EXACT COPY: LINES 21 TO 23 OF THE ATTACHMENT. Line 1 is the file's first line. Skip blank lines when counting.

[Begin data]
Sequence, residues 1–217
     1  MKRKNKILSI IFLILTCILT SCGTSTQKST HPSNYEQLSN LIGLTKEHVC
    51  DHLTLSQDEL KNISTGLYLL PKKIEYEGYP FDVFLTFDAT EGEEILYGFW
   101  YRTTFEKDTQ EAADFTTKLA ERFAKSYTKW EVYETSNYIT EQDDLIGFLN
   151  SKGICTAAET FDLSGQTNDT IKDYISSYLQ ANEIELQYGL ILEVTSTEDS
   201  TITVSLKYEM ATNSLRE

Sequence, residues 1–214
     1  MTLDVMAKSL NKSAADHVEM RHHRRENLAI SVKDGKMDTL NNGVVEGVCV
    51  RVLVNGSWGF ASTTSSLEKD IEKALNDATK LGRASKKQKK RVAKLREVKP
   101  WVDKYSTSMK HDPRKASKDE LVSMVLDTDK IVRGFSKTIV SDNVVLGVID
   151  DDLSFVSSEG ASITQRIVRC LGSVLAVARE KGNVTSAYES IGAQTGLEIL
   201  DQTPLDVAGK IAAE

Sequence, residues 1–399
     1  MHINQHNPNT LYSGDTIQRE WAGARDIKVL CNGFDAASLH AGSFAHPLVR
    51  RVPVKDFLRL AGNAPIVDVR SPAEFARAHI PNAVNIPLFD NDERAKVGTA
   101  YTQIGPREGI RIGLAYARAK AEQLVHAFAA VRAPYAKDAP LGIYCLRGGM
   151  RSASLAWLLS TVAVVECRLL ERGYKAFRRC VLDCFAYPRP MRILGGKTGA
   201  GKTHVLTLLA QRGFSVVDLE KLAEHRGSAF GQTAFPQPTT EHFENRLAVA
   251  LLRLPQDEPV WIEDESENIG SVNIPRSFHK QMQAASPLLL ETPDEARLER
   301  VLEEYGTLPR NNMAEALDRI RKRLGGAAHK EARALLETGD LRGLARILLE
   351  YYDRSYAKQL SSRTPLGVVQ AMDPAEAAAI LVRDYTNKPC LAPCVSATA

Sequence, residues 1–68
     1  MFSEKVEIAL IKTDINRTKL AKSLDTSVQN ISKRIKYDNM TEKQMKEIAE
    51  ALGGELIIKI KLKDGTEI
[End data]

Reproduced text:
   351  YYDRSYAKQL SSRTPLGVVQ AMDPAEAAAI LVRDYTNKPC LAPCVSATA

Sequence, residues 1–68
     1  MFSEKVEIAL IKTDINRTKL AKSLDTSVQN ISKRIKYDNM TEKQMKEIAE